Shifting sands for agency intermediaries

While there might be some healthy rivalry in the market, the intermediaries believe there is enough room for them all at this point. However, some are increasingly focusing on areas such as relationship management and training as the number of big domestic above-the-line pitches has declined and clients’ needs have changed.

The agency intermediary market has become increasingly competitive in recent years with a proliferation of matchmaking services now available to a marketing director seeking to appoint an agency to handle anything from a traditional TV campaign to a digital media account.

The alliance between The Haystack Group and Agency Assessments International (AAI) to handle UK and international search and selection may take one player out of the market but the launch of The Observatory, by former AAI partner Stuart Pocock and Agencyplaza.com, an online service aimed at smaller clients, means that space has already been taken up.

Finding a space in the market
While there might be some healthy rivalry in the market, the intermediaries believe there is enough room for them all at this point. However, some are increasingly focusing on areas such as relationship management and training as the number of big domestic above-the-line pitches has declined and clients’ needs have changed.

Suki Thompson, co-founder and managing director of The Haystack Group, believes the market is splitting, with an increasing number of companies calling global pitches, while others look for specialist agencies. But she says that marketers do not have the time or money to devote to advertising that they had in the past, and need help to work out how new areas such as digital can work for them. “Budgets aren’t getting smaller,” she adds, “you just don’t see where it is spent as it’s being distributed in a different way.” Thompson says that while search and selection is “still important”, it is now the smallest part of the business with 60% of her work covering auditing, evaluations and consultancy.

Pocock, who has been operating independently since mid-November, believes that “relationship repairing” is also a new opportunity. He adds: “Even with consultants, you don’t always get results just by changing agency.” But both Pocock and Thompson also see the growing potential of international business, and Pocock is seeking alliances in Europe and the US.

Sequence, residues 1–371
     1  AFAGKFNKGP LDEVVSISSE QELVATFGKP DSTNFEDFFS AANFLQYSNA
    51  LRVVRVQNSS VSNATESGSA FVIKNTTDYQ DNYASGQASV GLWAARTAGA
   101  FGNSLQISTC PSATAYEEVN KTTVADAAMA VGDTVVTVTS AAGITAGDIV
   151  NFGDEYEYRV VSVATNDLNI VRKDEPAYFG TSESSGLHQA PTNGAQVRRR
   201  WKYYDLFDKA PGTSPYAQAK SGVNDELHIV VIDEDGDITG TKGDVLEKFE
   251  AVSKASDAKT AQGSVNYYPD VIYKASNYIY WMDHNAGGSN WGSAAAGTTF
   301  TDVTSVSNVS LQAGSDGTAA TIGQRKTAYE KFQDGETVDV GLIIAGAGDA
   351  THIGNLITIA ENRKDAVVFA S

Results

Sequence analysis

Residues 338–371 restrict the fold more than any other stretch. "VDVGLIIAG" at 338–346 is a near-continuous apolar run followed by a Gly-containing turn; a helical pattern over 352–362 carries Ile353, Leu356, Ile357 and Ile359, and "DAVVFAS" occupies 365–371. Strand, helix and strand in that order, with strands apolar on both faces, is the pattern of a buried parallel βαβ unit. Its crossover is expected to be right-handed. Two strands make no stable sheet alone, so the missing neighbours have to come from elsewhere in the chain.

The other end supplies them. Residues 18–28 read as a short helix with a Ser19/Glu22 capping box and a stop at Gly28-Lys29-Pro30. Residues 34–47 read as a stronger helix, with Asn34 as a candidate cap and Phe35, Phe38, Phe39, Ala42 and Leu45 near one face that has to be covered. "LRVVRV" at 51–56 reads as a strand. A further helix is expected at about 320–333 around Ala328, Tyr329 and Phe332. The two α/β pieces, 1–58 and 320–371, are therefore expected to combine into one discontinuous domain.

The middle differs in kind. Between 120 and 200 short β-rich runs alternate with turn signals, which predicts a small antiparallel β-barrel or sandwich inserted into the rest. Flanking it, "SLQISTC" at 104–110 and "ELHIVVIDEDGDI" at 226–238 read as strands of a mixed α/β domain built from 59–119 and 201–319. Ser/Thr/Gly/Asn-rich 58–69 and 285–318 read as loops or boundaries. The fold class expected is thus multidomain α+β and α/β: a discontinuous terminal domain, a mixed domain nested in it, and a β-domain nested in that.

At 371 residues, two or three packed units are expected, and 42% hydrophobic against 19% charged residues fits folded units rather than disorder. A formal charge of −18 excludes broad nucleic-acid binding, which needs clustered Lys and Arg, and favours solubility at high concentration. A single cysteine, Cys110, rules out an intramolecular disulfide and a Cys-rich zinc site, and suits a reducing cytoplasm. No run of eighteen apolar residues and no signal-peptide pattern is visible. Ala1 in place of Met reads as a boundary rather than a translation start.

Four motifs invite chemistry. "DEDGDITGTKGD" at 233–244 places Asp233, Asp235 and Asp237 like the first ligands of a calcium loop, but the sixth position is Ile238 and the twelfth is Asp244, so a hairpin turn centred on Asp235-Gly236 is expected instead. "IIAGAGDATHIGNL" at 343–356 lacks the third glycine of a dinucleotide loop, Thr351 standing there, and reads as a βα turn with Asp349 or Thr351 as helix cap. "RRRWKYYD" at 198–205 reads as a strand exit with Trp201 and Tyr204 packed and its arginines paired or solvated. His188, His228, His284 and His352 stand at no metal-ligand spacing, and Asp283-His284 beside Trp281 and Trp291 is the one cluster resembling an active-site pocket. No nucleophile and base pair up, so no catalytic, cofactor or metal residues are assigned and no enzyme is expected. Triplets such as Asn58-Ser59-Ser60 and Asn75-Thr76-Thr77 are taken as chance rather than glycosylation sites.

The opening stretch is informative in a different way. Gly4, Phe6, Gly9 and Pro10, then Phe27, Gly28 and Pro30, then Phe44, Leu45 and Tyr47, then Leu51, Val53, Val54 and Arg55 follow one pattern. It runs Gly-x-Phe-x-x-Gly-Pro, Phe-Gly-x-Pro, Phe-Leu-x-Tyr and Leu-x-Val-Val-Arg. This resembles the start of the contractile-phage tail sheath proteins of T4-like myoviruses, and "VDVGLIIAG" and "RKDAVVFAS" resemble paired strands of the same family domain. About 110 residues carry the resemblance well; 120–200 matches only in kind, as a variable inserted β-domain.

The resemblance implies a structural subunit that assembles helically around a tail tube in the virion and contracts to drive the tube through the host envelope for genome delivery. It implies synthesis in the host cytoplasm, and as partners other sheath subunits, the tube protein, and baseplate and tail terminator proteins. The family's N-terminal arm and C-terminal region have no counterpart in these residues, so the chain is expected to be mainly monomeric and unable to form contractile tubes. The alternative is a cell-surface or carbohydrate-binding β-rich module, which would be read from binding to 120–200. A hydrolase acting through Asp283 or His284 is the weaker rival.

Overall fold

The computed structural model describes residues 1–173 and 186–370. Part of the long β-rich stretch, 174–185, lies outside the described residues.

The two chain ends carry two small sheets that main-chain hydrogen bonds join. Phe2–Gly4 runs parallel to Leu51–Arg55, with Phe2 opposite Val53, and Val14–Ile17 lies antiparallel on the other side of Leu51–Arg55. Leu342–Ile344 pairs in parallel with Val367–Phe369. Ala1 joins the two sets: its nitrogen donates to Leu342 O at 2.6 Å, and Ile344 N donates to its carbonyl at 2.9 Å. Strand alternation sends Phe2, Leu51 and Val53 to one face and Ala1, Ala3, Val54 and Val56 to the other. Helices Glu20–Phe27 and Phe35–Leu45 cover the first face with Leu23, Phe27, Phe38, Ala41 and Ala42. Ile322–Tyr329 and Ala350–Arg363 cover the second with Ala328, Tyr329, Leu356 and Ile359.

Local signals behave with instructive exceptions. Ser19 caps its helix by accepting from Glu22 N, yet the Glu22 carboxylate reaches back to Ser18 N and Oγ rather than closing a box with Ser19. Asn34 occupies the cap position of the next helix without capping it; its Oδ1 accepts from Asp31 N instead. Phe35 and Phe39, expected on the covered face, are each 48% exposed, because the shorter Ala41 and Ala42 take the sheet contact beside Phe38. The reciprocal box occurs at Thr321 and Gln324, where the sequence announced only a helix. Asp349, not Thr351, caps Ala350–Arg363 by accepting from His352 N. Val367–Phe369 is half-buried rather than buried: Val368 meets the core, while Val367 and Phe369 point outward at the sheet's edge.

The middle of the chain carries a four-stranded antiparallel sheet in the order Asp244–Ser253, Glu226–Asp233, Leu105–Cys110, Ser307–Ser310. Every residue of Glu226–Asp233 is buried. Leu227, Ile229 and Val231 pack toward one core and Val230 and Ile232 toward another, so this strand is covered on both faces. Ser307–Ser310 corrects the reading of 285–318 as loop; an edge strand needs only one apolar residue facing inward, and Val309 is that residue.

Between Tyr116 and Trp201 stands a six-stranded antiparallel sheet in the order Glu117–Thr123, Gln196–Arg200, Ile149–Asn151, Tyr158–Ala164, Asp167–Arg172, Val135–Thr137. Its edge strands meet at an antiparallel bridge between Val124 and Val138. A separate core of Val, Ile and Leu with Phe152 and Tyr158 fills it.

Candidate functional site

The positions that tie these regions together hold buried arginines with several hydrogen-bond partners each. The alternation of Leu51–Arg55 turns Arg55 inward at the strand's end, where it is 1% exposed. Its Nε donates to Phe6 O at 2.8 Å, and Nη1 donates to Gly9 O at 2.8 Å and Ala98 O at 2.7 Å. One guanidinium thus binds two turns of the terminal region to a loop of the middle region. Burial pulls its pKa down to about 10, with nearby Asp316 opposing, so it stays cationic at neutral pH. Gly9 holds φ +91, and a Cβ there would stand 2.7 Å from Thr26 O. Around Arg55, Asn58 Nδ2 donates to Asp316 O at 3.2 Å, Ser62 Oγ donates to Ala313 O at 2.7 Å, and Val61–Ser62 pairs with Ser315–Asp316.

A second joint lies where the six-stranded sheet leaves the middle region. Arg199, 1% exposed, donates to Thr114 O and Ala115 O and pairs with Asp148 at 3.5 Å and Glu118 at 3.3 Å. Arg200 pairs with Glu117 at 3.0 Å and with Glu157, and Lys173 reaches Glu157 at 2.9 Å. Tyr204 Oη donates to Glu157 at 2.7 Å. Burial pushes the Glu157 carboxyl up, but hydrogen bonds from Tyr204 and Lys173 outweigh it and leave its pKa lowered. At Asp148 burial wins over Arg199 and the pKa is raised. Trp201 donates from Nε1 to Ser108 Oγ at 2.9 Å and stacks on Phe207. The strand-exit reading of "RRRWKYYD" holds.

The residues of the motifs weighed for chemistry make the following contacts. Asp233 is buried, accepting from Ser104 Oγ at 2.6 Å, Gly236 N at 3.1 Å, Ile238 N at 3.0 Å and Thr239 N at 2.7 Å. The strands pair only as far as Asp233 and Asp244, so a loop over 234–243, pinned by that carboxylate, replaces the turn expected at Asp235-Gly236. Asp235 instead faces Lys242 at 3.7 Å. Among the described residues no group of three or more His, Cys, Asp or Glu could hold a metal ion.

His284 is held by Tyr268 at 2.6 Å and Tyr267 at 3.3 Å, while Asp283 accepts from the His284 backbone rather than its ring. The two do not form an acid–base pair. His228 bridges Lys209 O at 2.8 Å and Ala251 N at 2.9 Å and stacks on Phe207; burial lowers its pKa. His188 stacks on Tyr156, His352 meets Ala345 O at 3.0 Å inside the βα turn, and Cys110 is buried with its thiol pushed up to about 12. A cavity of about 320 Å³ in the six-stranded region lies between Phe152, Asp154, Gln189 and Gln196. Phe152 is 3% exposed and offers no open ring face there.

Meeting the clients’ needs
Martin Jones, director of advertising at the AAR, says that 80-90% of his business is still search and selection, which he believes is due to having experts in the different disciplines, such as digital and direct marketing, working in house. However, he adds that the AAR is involved in areas such as workshops, critiquing agency credentials and advising on TUPE.

But as clients are looking for more specialised agencies to handle new projects, intermediaries such as Creativebrief and Agencyplaza.com have launched services that aim to be more efficient for clients. Using different technology, both offer secure online databases of marketing services agencies which clients can access when they have a live brief. This can help with search and selection at a longor short-list stage.

Agencyplaza.com also believes that searching online is a more efficient way of getting to a list of agencies. Founders Pete Burgess and Denise Pritchard, both former marketers, believe that their service can offer smaller clients and agencies “a level playing field”. Both the client and agency remain anonymous until a list is selected.

There are some observers who believe nothing will replace face-to-face contact and understanding the nuances of client/agency relationships. “It is not just making a decision for now,” points out AAR chief executive Kerry Glazer. “It is for four to five years, and if you have £5m a year, that is a £20m account.” But Paul Duncanson, managing director of Creativebrief, points out that today’s graduates will be “truly digital” and will expect an online service.

As marketers have less time but need more specialist advice, the future looks bright for intermediaries. As the market becomes more competitive and TUPE kicks in, the ability to keep a relationship healthy is going to be as important as managing a pitch.

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